Posted on 10 November 2017
The government of Mexico and the global conservation community must urgently focus all efforts on ensuring a gillnet-free Upper Gulf of California and protecting vaquita habitat.
Mexico City, 10 November 2017 –
The government of Mexico, global conservation experts and civil society must urgently focus all efforts on ensuring a gillnet-free Upper Gulf of California and protecting vaquita habitat, WWF emphasized as the current phase of Vaquita CPR (Conservation, Protection, and Rescue) efforts draw to a close.
The presence of vaquita mothers and calves noted during these efforts indicates the world still has a small window of opportunity to save the most endangered marine mammal on the planet. But failing immediate action, a new totoaba fishing season, which could start as early as February, could push the vaquita to extinction.
Vaquita CPR field operations began on 12 October at the recommendation of the International Committee for the Recovery of the Vaquita (CIRVA) and the request of the Mexican government. The project, which involved experts from nine countries, intended to locate, rescue and then temporarily move the vaquitas to an ocean sanctuary off the coast of San Felipe. Field operations to capture as many vaquita as possible were however suspended on 4 November, following the death of a vaquita that had been relocated.
“The CPR efforts were a bold move and as they end, we urge all those who care about the vaquita to show similar courage and commitment to ensure a gillnet-free Upper Gulf of California,” said Jorge Rickards, CEO, WWF-Mexico. “As difficult as the last few weeks have been, we have witnessed a small glimmer of hope for the vaquita and it is our collective responsibility to do all we can to ensure a safe and healthy home for vaquitas and the new calves we have seen. Safeguarding the vaquita’s habitat is our one - and only - chance to save the vaquita.”
The biggest threat to the vaquita are fishing nets used to illegally catch the critically endangered totoaba fish, which inadvertently trap and drown the world’s smallest porpoise. In June 2017, following advocacy efforts by WWF and other organizations, the government of Mexico permanently banned the use of gillnets but enforcement remains a challenge, as does the retrieval of nets already in the water.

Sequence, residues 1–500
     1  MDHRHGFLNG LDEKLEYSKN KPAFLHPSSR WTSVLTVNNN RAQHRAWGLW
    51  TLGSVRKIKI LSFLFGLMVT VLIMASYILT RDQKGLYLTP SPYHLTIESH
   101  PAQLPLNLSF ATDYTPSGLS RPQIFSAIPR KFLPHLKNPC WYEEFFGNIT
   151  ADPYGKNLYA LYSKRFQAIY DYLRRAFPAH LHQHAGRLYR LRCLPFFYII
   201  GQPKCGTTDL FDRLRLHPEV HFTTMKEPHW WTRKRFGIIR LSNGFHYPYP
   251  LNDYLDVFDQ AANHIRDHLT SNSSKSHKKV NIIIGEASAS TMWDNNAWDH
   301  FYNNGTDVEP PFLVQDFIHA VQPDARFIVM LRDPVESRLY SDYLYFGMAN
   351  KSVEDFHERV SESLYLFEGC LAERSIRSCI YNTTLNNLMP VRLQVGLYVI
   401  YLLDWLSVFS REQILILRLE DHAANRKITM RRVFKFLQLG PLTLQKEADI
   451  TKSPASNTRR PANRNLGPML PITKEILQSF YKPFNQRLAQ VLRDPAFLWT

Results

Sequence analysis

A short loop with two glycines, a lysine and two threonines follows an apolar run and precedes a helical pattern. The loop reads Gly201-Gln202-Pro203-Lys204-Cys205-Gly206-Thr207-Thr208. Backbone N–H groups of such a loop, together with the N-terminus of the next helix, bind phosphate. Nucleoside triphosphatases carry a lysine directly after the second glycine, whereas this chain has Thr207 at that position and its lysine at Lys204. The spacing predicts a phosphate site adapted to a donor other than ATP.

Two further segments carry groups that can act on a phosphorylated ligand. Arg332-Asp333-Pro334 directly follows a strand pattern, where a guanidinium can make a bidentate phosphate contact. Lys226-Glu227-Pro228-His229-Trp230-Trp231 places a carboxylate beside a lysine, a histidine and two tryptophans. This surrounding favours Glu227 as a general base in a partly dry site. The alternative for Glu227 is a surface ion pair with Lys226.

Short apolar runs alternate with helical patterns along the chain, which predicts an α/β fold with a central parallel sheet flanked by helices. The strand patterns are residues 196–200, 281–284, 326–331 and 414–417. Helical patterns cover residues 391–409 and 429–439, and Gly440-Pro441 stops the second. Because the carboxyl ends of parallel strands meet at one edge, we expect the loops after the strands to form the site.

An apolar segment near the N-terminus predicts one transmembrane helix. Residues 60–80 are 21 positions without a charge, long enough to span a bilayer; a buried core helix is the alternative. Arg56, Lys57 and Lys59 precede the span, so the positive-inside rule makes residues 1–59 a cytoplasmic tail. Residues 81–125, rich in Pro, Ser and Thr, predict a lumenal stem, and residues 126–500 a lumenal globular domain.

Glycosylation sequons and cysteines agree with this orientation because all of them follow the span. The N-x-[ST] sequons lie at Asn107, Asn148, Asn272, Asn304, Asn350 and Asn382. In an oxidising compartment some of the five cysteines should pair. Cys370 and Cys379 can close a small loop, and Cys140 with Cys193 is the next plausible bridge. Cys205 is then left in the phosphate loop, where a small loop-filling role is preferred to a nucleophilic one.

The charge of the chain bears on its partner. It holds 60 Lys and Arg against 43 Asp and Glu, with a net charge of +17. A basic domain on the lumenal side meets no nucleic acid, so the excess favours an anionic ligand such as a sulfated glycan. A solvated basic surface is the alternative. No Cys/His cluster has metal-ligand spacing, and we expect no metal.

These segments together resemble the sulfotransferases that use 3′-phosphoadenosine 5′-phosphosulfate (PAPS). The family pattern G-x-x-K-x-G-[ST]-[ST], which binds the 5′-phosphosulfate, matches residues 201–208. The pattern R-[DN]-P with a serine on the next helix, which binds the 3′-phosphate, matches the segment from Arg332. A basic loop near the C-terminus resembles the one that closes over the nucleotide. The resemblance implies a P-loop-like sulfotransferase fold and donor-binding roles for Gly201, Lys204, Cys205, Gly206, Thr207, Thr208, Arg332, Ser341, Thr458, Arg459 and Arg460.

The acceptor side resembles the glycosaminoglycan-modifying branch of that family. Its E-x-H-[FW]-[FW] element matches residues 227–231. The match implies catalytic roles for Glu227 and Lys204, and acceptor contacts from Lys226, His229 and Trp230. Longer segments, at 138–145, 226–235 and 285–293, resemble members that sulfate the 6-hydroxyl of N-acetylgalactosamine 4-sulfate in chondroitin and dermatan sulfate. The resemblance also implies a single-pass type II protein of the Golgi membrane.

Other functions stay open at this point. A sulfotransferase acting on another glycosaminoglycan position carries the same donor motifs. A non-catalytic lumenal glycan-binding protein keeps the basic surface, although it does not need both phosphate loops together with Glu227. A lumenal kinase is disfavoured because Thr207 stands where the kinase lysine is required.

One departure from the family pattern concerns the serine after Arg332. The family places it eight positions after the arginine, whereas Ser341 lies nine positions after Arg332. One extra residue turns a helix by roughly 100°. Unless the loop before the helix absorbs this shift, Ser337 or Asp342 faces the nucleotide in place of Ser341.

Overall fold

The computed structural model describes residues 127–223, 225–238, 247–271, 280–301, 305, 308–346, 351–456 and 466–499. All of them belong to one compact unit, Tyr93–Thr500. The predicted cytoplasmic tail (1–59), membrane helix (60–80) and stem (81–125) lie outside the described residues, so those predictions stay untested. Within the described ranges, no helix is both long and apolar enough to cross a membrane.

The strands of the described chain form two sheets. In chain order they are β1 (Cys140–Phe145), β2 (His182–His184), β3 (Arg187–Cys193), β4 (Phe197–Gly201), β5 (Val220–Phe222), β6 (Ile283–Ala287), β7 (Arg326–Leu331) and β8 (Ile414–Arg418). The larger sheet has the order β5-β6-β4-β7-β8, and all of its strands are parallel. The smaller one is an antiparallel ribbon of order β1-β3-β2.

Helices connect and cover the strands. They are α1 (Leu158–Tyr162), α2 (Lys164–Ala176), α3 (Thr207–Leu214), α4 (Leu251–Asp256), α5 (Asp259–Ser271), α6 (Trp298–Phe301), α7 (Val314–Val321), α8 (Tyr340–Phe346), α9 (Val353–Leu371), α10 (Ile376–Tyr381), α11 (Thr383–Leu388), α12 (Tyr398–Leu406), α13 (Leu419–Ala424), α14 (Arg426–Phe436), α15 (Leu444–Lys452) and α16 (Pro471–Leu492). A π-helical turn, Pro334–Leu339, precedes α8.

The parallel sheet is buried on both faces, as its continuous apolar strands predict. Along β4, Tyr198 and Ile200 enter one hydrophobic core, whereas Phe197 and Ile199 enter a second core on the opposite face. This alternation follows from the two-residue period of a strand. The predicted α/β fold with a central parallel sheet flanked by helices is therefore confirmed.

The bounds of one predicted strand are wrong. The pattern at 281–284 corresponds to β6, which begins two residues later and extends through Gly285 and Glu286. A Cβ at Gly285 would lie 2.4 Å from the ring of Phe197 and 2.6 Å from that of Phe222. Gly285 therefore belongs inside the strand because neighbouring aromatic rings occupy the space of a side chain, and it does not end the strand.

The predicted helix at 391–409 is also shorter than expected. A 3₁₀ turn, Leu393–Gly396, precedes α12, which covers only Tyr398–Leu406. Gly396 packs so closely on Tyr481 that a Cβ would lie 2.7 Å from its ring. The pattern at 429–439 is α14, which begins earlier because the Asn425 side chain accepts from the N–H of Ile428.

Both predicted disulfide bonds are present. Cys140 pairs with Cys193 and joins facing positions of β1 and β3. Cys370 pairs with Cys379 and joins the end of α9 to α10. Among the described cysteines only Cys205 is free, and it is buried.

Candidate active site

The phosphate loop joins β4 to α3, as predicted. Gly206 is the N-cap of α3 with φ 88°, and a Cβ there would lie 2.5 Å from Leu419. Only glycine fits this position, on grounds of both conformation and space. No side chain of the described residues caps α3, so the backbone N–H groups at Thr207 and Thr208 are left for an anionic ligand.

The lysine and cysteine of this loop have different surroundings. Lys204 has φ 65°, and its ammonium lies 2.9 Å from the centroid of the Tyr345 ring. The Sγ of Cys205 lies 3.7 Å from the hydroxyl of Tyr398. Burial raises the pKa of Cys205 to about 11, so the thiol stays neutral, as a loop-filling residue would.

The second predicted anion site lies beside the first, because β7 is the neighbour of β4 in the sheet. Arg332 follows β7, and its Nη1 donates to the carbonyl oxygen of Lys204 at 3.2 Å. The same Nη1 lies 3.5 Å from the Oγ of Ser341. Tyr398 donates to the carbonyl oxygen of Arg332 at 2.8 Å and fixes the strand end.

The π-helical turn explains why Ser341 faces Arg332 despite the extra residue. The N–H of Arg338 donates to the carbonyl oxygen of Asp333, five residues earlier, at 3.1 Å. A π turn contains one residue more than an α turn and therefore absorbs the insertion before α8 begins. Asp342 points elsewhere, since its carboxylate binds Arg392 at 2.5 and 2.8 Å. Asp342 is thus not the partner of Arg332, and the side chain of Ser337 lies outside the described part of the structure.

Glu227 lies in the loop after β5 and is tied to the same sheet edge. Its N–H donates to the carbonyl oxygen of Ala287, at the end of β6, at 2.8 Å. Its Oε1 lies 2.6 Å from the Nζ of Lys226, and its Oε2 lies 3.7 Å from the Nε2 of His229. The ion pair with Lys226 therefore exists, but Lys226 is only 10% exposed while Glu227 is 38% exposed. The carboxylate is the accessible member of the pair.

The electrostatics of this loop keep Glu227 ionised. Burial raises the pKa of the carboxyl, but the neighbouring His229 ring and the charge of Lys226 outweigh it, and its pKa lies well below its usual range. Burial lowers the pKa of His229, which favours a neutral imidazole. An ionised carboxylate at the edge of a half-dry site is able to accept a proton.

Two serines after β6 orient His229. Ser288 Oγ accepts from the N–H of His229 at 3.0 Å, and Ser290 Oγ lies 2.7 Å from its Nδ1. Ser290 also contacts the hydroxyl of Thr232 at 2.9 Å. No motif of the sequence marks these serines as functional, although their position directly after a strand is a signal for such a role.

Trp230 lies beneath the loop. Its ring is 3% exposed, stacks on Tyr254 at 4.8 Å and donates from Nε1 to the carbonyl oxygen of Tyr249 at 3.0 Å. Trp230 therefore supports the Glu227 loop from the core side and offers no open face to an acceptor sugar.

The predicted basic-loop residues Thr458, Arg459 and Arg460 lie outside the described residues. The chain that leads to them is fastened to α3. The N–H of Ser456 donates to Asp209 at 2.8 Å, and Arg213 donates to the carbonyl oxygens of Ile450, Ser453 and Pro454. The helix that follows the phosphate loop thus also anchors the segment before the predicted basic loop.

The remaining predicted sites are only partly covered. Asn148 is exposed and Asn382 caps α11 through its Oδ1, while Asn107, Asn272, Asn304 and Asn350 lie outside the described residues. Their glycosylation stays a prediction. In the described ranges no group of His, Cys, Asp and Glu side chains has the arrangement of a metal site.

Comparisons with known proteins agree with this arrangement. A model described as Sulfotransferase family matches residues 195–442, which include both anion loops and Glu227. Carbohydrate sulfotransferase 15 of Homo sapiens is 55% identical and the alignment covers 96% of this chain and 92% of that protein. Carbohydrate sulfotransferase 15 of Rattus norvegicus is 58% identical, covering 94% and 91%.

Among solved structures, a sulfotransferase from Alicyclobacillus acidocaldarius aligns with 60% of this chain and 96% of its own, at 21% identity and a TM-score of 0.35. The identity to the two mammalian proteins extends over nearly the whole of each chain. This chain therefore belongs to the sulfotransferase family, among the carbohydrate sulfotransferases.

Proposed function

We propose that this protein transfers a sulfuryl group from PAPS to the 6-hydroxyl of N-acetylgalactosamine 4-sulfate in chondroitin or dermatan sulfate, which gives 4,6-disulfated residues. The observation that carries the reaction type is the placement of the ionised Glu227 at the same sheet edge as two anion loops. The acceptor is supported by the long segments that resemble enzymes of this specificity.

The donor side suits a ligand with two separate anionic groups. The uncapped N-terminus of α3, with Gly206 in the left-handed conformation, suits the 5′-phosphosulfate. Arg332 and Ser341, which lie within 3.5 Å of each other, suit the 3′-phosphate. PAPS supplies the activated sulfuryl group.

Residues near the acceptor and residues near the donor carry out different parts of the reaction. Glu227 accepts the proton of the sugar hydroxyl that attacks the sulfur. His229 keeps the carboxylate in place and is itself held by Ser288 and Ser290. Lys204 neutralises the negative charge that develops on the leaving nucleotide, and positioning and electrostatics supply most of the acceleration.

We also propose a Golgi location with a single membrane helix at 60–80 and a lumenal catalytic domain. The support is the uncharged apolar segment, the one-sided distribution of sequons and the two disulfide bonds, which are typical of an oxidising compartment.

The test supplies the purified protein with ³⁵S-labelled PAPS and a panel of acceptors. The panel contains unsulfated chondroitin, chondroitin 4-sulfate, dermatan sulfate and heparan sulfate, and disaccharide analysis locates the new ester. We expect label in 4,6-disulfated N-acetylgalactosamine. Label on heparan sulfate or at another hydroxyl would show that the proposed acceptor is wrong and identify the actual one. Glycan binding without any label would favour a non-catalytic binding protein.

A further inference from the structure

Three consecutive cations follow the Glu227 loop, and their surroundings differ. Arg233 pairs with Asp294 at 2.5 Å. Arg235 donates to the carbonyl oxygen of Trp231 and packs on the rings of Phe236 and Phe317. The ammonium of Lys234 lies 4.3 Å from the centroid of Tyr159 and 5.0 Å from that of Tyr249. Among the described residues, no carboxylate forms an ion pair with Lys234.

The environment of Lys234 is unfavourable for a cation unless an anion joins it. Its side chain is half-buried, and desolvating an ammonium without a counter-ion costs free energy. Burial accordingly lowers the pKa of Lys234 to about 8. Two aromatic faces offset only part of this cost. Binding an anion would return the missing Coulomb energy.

“Even though the situation seems dire, we cannot give up now, especially when there remains a glimmer of hope with vaquitas reproducing in the area. Any available resource must be immediately directed to habitat protection in the Upper Gulf of California to ensure strict and full enforcement of the gillnet ban and removal of ghost nets. Illegal fishing cannot be allowed, as that will lead to only one possible outcome: extinction,” added Rickards.
WWF continues to work with the Mexican government and partners such as the Instituto Nacional de Ecología y Cambio Climático (INECC), the Sea Shepherd Conservation Society, and the Whale Museum to remove lost or abandoned ‘ghost’ gill nets from the waters, with the collaboration and experience of local fishermen. From October 2016 to July 2017, the partners have retrieved more than 400 nets.
Simultaneously, WWF is also working on solutions to engage local communities, who depend on the Gulf of California for their lives and livelihoods, to develop sustainable fishing practices and alternative economic opportunities to safeguard the home of the vaquita. With illegal fishing practices pushing the vaquita closer toward extinction every fishing season, involving local communities in diverse conservation measures, such as ghost gear retrieval and monitoring, is key to protecting the species.
“Local communities are among the strongest custodians of natural heritage and resources. We see the community of the Upper Gulf of California as a critical part of any efforts to ensure a healthy and thriving ecosystem, to safeguard their future and that of the vaquita,” said Rickards.
WWF will also continue supporting the critical work of the acoustic monitoring programme, led by INECC, that allows estimation of population trends for the vaquita. New population numbers are expected to be available in December, shortly after the 69th meeting of the CITES Standing Committee where solutions to tackling the illegal totoaba trade will be discussed.
“For decades now, the illegal trade in totoaba swim bladders has been responsible for plummeting vaquita and totoaba numbers. As we strengthen our efforts on the ground in a race against time, Mexico, US and China must collectively crack down on the illegal trafficking to ensure these species - and the Gulf of California - have a chance to survive and thrive,” said Rickards.
The 69th meeting of the CITES Standing Committee will take place in Geneva between 27 November and 1 December 2017.
For further information:
Jatziri Perez, WWF-México, +52 (55) 26 99 05 91, email@example.com